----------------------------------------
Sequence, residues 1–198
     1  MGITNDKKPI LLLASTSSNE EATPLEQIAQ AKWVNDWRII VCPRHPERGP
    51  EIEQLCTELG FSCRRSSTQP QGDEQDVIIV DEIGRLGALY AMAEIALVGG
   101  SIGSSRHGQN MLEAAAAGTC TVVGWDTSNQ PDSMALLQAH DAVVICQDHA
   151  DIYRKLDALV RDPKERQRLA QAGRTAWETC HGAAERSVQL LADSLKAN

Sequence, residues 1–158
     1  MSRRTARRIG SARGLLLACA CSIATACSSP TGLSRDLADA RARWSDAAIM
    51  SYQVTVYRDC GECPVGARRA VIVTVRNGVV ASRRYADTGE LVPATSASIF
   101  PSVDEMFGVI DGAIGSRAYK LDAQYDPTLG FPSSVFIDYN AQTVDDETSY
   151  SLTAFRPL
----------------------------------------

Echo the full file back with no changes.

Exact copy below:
Sequence, residues 1–198
     1  MGITNDKKPI LLLASTSSNE EATPLEQIAQ AKWVNDWRII VCPRHPERGP
    51  EIEQLCTELG FSCRRSSTQP QGDEQDVIIV DEIGRLGALY AMAEIALVGG
   101  SIGSSRHGQN MLEAAAAGTC TVVGWDTSNQ PDSMALLQAH DAVVICQDHA
   151  DIYRKLDALV RDPKERQRLA QAGRTAWETC HGAAERSVQL LADSLKAN

Sequence, residues 1–158
     1  MSRRTARRIG SARGLLLACA CSIATACSSP TGLSRDLADA RARWSDAAIM
    51  SYQVTVYRDC GECPVGARRA VIVTVRNGVV ASRRYADTGE LVPATSASIF
   101  PSVDEMFGVI DGAIGSRAYK LDAQYDPTLG FPSSVFIDYN AQTVDDETSY
   151  SLTAFRPL